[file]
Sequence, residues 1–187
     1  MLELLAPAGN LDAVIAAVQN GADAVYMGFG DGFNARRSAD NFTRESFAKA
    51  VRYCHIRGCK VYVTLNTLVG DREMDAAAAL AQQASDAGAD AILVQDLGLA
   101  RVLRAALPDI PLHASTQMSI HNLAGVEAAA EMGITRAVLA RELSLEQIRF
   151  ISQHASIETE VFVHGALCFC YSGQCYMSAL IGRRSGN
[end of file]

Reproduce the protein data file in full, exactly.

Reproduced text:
Sequence, residues 1–187
     1  MLELLAPAGN LDAVIAAVQN GADAVYMGFG DGFNARRSAD NFTRESFAKA
    51  VRYCHIRGCK VYVTLNTLVG DREMDAAAAL AQQASDAGAD AILVQDLGLA
   101  RVLRAALPDI PLHASTQMSI HNLAGVEAAA EMGITRAVLA RELSLEQIRF
   151  ISQHASIETE VFVHGALCFC YSGQCYMSAL IGRRSGN